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ToSeek
2004-Aug-05, 04:26 PM
ESA's Integral detects closest cosmic gamma-ray burst (http://www.spaceref.com/news/viewpr.html?pid=14759)


A gamma-ray burst detected by ESA's Integral gamma-ray observatory on 3 December 2003 has been thoroughly studied for months by an armada of space and ground-based observatories. Astronomers have now concluded that this event, called GRB 031203, is the closest cosmic gamma-ray burst on record, but also the faintest. This also suggests that an entire population of sub-energetic gamma-ray bursts has so far gone unnoticed...

ToSeek
2004-Aug-05, 04:52 PM
Different angle on the same news item:

Weak gamma ray bursts may be common (http://www.newscientist.com/news/news.jsp?id=ns99996243&lpos=home5)


Not all gamma-ray bursts - colossal blasts of energy that are thought to spew out when the core of a massive star collapses - are as energetic as astronomers thought, suggests new research.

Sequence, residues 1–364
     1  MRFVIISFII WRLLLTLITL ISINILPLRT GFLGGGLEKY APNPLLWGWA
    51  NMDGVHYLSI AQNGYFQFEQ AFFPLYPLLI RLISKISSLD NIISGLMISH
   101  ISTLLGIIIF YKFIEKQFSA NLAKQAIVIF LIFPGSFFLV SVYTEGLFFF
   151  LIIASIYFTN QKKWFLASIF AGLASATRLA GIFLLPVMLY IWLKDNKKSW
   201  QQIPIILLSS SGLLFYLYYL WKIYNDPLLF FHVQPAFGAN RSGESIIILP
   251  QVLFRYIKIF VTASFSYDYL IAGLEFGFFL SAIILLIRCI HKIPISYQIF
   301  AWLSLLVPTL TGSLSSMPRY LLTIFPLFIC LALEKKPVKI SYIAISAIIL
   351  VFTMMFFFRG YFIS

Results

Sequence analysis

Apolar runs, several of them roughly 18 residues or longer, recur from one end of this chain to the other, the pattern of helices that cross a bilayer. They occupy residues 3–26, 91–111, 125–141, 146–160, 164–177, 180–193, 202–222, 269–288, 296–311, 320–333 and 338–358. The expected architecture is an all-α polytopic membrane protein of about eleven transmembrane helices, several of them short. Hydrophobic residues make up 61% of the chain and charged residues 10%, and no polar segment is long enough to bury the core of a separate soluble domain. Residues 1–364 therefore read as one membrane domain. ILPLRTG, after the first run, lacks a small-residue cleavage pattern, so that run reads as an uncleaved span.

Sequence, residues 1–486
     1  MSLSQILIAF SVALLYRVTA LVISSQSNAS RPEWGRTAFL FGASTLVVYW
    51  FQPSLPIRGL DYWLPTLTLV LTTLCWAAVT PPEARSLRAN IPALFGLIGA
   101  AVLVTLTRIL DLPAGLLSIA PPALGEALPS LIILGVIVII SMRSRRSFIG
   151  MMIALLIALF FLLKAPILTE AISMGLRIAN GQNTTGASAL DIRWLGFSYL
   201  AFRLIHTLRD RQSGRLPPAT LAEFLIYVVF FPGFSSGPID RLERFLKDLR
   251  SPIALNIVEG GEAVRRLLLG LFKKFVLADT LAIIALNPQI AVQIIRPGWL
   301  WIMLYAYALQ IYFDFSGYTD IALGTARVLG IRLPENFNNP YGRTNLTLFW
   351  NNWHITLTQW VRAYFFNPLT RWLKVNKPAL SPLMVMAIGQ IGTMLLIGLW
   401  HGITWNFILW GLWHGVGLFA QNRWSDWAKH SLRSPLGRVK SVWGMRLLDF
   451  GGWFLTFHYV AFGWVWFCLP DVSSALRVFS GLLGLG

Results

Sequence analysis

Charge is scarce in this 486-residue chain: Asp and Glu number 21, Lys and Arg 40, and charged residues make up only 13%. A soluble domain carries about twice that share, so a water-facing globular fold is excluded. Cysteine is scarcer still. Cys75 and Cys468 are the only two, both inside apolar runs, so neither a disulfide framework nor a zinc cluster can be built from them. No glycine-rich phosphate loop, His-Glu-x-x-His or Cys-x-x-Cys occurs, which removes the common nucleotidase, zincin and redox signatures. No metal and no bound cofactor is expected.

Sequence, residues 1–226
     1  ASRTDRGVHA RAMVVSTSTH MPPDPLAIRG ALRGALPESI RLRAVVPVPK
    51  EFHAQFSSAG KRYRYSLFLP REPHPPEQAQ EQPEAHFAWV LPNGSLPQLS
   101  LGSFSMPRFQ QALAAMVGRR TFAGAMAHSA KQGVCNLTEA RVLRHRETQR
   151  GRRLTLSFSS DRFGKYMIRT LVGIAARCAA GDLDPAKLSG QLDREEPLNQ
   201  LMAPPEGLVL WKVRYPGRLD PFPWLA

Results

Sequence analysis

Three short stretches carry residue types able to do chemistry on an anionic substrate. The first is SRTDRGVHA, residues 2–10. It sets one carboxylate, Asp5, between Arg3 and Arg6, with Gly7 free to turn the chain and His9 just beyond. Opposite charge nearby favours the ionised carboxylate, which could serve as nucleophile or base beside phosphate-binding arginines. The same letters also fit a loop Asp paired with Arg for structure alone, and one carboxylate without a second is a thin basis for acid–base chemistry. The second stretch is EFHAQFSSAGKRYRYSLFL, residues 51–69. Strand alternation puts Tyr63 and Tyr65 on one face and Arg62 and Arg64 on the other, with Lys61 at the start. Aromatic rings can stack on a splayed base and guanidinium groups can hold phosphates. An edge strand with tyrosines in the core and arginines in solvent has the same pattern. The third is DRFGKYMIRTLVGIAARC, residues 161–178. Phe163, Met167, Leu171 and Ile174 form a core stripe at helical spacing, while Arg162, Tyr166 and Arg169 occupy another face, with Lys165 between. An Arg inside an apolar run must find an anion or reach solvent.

Two teams have now seen one that was much weaker than expected, and think that such half-hearted bursts may even be more numerous than their full-blooded counterparts.

Manchurian Taikonaut
2005-Jan-20, 09:26 PM
more Integral info
http://isdc.unige.ch/?Science+news


The High-Mass X-ray Binary V 0332+53 (EXO 0331+530), currently undergoing a dramatic outburst was a Target of Opportunity (TOO) for an INTEGRAL observation on 6-10 January 2005. The source was observed as soon as allowed by visibility constraints on 6 January in staring mode and then in the hexagonal dithering mode for a total of about 110 ksec.

The current outburst reaches a flux of about 1 Crab in the X-rays (3-10 keV). The V 0332+53 flux increased steadily between the end of November 2004 and New Year 2005



http://isdc.unige.ch/Science/news/050112/v0332_image.gif